July 18, 2018
200-09-008957-158; 200-09-008958-156; 200-09-008959-154;
200-09-008960-152; 200-09-008961-150; 200-09-008962-158;
200-09-008963-156; 200-09-008964-154; 200-09-008965-151;
Giroux, Bouchard, St-Pierre
Appeals from ten judgments of the Superior Court granting applications for dispossession under ss. 54, 60 and 61 of the Act respecting the lands in the domain of the State (CQLR, c. T-8.1). Dismissed.
In the judicial district of Chicoutimi and the surrounding area, many people occupy sites on public land of the state without any property right, lease or occupancy permit, in breach of s. 54 of the Act respecting the lands in the domain of the State. The respondent therefore filed several applications for dispossession. Fourteen of the cases joined were contested by a consolidated defence in which the appellants invoked Aboriginal rights, including those granted to the Métis by s. 35 of The Constitution Act, 1982 (R.SC. 1985, App. II, No. 44, Schedule B). Although none of them have any recognized Aboriginal rights whatsoever, they nevertheless claimed the status of Métis based on the criteria set out in R. v. Powley (S.C. Can., 2003-09-19), 2003 SCC 43, SOQUIJ AZ-50192924, J.E. 2003-1751,  2 S.C.R. 207.
The trial judge did not commit a palpable and overriding error in finding on a balance of probabilities that the evidence did not establish the existence of a historic community on the disputed land. He erred, however, in assuming that the culture, practices or traditions must be distinct to be recognized as an Aboriginal right, whereas it must be distinctive. However, this error is not determinative here because, other than the fur trade, the evidence does not reveal sufficiently defined practices or traditions establishing the existence of a historic Métis community whose rights would be protected by s. 35 of The Constitution Act, 1982.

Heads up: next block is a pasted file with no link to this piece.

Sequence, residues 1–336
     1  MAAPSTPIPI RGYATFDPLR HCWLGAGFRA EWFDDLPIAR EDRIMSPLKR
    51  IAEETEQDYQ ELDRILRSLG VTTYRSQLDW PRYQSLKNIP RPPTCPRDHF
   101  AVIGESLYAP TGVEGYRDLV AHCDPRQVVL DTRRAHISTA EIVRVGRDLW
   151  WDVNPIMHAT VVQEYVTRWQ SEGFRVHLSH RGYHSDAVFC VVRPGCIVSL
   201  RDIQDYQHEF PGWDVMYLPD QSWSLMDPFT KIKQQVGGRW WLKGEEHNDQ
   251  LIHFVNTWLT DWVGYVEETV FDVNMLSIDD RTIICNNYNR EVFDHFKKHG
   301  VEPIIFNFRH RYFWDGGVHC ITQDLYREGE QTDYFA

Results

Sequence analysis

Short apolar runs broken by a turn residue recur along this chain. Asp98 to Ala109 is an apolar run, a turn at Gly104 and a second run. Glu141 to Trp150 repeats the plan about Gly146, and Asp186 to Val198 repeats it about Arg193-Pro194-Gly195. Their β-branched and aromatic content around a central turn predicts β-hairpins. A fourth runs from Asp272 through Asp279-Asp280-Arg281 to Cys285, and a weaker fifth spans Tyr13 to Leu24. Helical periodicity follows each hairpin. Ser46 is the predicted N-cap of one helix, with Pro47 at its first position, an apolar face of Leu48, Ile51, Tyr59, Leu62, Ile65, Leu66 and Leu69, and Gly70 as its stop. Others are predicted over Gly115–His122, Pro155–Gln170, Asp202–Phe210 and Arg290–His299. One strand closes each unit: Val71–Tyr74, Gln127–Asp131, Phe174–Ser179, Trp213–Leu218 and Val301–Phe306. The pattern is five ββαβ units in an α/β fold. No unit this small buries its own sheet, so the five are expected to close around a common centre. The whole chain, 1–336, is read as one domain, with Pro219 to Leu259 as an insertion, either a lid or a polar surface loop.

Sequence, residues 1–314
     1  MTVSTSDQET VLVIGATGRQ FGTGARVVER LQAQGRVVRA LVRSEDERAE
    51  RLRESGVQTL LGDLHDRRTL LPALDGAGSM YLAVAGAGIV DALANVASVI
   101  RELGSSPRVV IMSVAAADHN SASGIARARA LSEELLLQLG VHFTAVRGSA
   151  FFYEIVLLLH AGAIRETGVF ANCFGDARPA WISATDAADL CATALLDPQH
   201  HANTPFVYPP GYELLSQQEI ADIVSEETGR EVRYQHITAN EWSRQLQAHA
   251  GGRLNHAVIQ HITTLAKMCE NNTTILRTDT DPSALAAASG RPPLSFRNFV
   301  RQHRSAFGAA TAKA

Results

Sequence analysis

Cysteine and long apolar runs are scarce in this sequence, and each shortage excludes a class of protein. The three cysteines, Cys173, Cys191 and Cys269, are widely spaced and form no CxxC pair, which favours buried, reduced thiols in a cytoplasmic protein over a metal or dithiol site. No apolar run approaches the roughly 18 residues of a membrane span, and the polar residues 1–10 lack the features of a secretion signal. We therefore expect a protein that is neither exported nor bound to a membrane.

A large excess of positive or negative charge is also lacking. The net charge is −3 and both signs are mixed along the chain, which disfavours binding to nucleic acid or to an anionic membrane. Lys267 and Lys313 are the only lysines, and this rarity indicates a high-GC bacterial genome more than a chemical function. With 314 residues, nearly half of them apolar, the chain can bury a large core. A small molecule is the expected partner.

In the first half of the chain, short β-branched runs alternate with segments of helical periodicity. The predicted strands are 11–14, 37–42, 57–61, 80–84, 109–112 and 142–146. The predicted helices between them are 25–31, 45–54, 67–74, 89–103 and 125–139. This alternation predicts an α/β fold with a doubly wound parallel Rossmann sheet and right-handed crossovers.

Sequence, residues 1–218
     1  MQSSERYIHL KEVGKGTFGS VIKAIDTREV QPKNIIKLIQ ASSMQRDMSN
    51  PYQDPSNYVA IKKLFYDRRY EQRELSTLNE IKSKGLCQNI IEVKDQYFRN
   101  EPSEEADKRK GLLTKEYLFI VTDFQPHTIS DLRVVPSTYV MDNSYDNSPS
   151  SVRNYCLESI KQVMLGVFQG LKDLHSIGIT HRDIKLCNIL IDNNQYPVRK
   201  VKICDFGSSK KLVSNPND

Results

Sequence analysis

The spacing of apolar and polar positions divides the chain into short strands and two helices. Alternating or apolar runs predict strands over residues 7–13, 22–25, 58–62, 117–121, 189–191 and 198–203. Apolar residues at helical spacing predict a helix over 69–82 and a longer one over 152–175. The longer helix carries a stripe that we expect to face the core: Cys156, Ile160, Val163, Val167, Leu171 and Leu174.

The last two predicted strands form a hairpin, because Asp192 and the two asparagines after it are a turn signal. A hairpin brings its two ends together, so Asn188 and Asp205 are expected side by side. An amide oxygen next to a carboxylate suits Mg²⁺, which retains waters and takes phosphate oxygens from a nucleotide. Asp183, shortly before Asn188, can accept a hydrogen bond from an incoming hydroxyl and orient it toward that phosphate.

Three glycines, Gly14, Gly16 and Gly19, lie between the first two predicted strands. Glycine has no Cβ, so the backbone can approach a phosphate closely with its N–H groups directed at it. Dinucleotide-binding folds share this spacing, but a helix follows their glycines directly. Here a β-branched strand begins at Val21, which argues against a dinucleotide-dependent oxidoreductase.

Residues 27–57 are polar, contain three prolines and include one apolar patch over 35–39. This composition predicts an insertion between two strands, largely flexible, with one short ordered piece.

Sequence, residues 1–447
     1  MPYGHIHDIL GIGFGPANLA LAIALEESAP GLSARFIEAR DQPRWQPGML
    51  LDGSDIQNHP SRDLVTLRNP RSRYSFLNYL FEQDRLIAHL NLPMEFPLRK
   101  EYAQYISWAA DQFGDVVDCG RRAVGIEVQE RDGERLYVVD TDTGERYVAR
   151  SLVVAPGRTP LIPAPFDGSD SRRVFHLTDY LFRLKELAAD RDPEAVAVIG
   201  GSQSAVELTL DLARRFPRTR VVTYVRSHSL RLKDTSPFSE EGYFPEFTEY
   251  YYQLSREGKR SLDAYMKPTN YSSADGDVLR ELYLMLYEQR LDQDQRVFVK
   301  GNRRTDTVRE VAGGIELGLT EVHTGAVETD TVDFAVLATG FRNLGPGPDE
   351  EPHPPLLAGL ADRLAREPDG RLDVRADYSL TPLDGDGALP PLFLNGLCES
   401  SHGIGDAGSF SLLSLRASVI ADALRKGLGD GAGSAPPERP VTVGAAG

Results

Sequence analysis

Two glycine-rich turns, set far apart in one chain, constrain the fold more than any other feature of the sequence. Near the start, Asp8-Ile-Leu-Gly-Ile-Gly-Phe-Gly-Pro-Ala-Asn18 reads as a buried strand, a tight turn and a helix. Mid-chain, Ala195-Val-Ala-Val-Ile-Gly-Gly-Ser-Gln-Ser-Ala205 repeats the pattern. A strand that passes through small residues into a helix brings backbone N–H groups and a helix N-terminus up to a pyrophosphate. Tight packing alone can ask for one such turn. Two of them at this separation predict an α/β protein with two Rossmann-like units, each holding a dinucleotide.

Moreover, it is absolutely possible to imagine that the members of a historic community could settle in several distinct locations while forming a single regional unit. Therefore, it should not be necessary to prove that the members of a community lived near each other and formed a group of a certain density. Although a historic community may be regional and nomadic, this does not mean that the appellants were exempt from having to establish the existence of a community having its own customs, traditions and way of life. Thus, even if the judge erred by comparing the historical situation of the appellants to that of the Métis in Powley, this error was not determinative.
Finally, control refers to the time period before which the existence of a Métis community grouping together Métis people with a distinctive collective identity, living together in the same geographical area and sharing a common way of life, must be established. In this case the judge did not err in finding that the period of effective control in the territory known as the “Traite de Tadoussac” or the “Domaine du Roi” falls within the period from 1842 until the end of 1850.
*Summary by SOQUIJ
Text of the decision:
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